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US attitude towards Agent Orange more positive

In Uncategorized on July 16, 2010 at 4:47 pm

US attitude towards Agent Orange more positive

QĐND – Friday, July 16, 2010, 21:20 (GMT+7)

Tran Xuan Thu, General Secretary of Vietnam Association of Victims of Agent Orange/Dioxin (VAVA), said US attitude towards solving the AO/dioxin dilemma in Vietnam has become more positive.

Tran Xuan Thu, who is also VAVA Vice President, said at an interview with VNA on the threshold of the third hearing on Agent Orange to be held by the US House of Representatives on July 15.

The hearing session aims to consider steps to be taken to meet demand from Vietnamese AO/dioxin victims and those exposed to the toxic chemical sprayed by US troops during the war in Vietnam.

Thu told VNA that the campaign in support of Vietnamese AO/dioxin victims that has been running in all the four available channels has contributed to a shift in the US attitude towards the problem, not only in words but also in action.

The campaign, involving the Vietnamese and US governments, Vietnam-US Dialogue Group on AO/dioxin, the VAVA and progressive world forces, has helped bring about modest changes to the attitude of not only the US public but also politicians, he said.

First of all, the US side, for example, including politicians, has acknowledged and talked about AO victims more openly and no longer considers them as simply the disabled. Secondly, the US side has offered technological and financial solutions to detoxify a hotbed of dioxin in the central city of Danang.

Most recently in June, the Vietnam-US negotiation team has worked out a plan of action with a budget of some US$300 million for 10 years to prioritize healthcare for AO victims and clean up the environment.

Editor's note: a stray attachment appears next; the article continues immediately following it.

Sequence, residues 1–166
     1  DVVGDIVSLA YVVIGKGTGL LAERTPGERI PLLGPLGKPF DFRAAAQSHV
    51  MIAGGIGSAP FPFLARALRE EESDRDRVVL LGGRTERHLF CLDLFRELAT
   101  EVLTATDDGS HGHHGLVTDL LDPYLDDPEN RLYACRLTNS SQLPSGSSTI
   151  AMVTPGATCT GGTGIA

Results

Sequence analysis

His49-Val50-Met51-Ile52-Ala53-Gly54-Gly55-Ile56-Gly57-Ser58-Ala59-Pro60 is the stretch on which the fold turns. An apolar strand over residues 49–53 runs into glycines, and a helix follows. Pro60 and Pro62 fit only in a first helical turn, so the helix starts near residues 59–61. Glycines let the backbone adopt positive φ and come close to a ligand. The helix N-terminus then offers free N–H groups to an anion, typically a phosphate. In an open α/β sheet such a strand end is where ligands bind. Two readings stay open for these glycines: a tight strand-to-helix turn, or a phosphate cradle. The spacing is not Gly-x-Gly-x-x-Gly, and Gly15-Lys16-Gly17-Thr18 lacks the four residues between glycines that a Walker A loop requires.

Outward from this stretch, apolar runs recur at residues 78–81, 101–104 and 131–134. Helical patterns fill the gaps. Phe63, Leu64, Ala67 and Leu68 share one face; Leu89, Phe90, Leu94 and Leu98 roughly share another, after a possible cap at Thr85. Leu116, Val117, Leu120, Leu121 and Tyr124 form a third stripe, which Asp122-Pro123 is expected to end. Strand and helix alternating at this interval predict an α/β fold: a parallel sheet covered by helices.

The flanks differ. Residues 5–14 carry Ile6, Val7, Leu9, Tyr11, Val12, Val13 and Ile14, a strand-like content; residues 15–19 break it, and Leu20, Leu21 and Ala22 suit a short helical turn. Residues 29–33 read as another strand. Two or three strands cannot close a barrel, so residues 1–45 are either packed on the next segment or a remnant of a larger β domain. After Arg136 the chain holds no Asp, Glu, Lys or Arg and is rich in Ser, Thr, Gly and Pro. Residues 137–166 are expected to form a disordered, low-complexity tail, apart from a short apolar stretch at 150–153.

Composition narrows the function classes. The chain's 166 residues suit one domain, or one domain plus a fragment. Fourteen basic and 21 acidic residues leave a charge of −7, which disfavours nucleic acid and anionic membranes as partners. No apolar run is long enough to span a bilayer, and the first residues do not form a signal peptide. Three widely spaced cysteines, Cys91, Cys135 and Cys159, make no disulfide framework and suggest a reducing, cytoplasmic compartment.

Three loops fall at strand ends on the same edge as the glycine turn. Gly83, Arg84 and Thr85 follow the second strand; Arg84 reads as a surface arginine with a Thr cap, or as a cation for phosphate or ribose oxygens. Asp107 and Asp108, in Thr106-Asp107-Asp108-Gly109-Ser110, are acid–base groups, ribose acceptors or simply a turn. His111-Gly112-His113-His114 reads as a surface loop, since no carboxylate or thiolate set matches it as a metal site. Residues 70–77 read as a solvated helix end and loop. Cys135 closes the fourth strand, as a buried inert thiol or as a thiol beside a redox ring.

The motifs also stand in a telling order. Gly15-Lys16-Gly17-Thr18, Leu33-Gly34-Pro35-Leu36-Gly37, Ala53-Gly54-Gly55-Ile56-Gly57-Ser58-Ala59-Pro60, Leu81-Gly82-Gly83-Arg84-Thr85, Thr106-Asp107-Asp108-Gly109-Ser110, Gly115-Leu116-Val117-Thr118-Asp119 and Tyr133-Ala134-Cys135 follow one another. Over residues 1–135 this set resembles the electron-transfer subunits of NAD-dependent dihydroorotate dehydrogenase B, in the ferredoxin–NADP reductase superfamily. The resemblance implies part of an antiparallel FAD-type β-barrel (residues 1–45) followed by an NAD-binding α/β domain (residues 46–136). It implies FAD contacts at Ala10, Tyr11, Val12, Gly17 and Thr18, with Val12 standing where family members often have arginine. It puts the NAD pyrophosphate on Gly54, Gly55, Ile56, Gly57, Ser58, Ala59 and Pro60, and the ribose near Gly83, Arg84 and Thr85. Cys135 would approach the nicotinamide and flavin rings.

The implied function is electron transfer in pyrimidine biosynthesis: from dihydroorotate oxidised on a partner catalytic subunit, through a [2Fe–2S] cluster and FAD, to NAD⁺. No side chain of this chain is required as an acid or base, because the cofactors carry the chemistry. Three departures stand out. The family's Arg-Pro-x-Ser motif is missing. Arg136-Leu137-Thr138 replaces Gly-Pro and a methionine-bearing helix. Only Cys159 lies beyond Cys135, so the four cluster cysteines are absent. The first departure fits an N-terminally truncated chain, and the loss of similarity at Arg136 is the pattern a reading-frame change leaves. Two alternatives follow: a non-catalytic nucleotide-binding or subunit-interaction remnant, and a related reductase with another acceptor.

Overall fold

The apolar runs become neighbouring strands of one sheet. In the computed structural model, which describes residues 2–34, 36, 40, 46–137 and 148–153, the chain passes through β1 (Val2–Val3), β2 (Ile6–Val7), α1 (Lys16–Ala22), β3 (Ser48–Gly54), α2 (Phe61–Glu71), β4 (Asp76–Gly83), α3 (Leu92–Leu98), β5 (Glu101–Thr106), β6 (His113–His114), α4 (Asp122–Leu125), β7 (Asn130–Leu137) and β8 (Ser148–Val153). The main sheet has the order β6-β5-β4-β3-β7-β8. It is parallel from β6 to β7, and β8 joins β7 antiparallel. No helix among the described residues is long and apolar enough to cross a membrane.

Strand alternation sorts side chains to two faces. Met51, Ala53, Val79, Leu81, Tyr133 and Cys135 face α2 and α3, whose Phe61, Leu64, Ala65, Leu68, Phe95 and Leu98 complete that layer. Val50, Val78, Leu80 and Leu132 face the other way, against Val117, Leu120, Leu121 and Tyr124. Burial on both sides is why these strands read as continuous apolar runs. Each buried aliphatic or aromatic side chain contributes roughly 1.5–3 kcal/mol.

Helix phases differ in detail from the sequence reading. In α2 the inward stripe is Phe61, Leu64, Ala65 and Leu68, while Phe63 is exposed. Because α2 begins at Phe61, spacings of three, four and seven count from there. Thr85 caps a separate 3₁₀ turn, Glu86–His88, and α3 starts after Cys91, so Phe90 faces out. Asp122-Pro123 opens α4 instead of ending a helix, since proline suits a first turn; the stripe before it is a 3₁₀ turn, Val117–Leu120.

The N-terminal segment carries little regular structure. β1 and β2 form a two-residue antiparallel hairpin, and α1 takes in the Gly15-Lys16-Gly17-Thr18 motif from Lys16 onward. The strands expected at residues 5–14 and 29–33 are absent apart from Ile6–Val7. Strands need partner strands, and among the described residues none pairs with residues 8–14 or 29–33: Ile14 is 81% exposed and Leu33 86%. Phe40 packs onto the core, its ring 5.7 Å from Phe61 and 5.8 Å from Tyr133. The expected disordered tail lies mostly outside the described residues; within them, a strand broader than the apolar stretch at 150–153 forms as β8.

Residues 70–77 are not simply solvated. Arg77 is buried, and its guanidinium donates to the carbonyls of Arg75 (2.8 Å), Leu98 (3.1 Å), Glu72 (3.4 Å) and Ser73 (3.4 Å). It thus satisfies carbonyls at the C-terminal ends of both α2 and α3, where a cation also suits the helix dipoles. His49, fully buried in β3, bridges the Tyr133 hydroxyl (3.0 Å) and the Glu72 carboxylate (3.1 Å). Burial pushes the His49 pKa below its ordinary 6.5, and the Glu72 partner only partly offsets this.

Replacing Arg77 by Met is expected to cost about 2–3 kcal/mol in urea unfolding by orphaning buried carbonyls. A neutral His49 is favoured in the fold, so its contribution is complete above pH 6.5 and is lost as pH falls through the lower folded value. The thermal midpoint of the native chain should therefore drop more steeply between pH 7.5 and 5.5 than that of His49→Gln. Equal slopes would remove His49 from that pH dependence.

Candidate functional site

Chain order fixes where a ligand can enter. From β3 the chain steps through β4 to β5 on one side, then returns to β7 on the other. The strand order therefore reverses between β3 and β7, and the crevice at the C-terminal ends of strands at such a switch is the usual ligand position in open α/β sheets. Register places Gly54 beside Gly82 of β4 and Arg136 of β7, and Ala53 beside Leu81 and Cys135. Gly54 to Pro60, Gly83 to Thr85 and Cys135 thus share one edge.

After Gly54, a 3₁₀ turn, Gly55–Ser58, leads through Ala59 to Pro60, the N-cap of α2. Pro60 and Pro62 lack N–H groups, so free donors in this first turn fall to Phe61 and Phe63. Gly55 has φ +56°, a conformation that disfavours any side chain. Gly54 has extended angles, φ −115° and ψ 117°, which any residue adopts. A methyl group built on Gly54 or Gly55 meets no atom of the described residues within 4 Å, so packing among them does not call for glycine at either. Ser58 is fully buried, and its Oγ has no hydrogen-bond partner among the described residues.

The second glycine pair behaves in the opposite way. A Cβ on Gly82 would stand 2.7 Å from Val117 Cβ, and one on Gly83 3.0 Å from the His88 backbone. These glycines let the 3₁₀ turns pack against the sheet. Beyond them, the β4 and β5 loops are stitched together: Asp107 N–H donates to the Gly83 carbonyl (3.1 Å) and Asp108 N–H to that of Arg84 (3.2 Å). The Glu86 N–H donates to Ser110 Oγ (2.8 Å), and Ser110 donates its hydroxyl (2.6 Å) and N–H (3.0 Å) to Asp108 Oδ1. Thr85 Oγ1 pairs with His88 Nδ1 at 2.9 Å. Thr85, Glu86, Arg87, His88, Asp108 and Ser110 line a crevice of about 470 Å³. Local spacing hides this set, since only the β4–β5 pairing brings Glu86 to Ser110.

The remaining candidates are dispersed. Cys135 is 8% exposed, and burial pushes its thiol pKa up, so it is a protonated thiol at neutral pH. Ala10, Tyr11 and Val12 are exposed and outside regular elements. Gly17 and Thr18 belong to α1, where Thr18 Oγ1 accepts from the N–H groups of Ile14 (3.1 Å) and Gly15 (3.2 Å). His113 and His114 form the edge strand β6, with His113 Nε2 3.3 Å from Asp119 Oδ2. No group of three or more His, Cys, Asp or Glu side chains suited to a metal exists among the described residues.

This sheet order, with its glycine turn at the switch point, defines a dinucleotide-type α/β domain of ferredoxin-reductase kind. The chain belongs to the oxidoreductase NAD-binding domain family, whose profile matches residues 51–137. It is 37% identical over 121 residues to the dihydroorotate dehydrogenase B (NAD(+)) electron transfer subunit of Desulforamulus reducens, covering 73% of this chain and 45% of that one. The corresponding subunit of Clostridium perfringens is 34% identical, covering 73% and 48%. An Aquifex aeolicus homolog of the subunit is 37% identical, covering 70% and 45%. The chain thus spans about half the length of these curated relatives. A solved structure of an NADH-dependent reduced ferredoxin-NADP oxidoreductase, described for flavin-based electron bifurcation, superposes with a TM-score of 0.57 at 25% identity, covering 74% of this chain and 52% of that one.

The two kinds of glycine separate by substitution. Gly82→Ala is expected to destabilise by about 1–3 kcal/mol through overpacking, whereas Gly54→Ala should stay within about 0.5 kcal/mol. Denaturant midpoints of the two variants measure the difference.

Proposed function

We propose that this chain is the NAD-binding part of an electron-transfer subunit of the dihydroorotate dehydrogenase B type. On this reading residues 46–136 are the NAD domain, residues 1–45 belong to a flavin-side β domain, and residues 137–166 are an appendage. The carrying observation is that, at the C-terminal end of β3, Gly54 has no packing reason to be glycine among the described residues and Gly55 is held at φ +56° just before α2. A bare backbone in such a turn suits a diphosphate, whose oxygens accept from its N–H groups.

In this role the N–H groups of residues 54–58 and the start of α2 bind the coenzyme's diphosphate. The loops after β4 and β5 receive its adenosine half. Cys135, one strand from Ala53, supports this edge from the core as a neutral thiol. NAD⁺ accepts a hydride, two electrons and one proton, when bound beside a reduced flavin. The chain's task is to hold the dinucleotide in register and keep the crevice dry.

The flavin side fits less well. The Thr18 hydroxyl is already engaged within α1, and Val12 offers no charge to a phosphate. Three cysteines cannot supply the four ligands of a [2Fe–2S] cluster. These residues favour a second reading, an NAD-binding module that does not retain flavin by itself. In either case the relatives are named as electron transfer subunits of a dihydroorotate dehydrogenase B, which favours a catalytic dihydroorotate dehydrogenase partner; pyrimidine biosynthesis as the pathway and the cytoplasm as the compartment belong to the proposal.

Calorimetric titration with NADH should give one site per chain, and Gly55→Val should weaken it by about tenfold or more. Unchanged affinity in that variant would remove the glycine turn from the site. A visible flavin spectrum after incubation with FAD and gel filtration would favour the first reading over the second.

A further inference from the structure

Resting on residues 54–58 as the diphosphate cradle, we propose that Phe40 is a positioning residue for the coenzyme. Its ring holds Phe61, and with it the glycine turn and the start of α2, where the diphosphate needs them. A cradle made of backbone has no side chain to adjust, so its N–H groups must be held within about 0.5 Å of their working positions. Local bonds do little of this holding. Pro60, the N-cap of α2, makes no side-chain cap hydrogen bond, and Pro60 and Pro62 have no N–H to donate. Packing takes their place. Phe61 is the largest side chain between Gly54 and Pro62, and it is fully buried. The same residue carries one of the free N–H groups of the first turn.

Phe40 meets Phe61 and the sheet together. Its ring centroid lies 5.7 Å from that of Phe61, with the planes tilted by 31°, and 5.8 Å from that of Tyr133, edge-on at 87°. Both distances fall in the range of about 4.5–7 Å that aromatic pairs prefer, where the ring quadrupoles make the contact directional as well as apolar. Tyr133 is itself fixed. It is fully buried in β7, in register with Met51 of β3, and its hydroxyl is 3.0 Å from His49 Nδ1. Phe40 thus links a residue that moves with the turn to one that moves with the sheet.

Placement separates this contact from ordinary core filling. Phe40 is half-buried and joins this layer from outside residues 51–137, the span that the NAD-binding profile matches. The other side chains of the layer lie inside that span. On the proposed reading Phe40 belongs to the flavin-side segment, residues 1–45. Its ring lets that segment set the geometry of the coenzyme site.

Representing three million victims in Vietnam, VAVA expressed thanks to the negotiation team for their tireless efforts in contributing to solid solutions to this legacy in Vietnam, said the AO watchdog leader.

Thanks were expressed not only for humanitarian reasons but also in an effort to boost relations between the two countries, Thu added.

“The $300 million plan is worthy of respect at a point when Vietnam is poor and victims’ need is huge,” he said.

However, he emphasized the scheme is far from meeting what is needed for the problem in relation to human beings and the environment.

“Vietnamese AO victims are looking for the deployment of the program as soon as possible,” Thu emphasized.

Charles Bailey, Director of the Ford Foundation Special Initiative on Agent Orange/dioxin, and Susan Berresford, former Ford Foundation President, both confirmed that it was quite possible to solve the AO impact on humans and the environment in Vietnam.

However, they acknowledged the need for significant financial resources. They asked the US government to play a key role in meeting this financial demand and work with other donors to help the Vietnamese government and people address the problem.

Tom Harkin, who chairs the US Senate Health, Education, Labor and Pensions Committee, shared sympathy with AO victims on their sufferings and losses during his visit to Vietnam in early July. He also emphasized that the US should consider solving the AO problem in Vietnam because of the issue of moral responsibility of those who had caused the problem.

The AO issue was not only the pain of Vietnam but also of many families in the US , said the US senator.

Hearing sessions held by the US House of Representatives and the International People’s Tribunal of Conscience as well as the consistent support raised by progressive world forces have contributed considerably to AO victims’ struggle for justice.

Eni F. H. Faleomaveaga, Chairman of the Subcommittee on Asia, the Pacific and the Global Environment of the US House Committee on Foreign Affairs, who summoned the upcoming hearing, also launched and chaired the previous two sessions in May, 2008 and June, 2009.

Unlike the previous two sessions, the upcoming hearing will include VAVA representatives and the victims themselves. They are medical doctor Nguyen Thi Ngoc Phuong, VAVA Vice President, and Tran Thi Hoan, a second generation victim, who lost two legs and one hand. The 23-year-old girl is a student of the Ho Chi Minh City Foreign Language and Information Technology University.

Thu concluded the interview by expressing wishes on behalf of three million Vietnamese AO victims that the hearing with the first-ever presence of Vietnamese AO victims would promote a US sense of responsibility towards the problem and push the US to take another step forwards in finding a solution to the problem.

Source: VNA

Source: QDND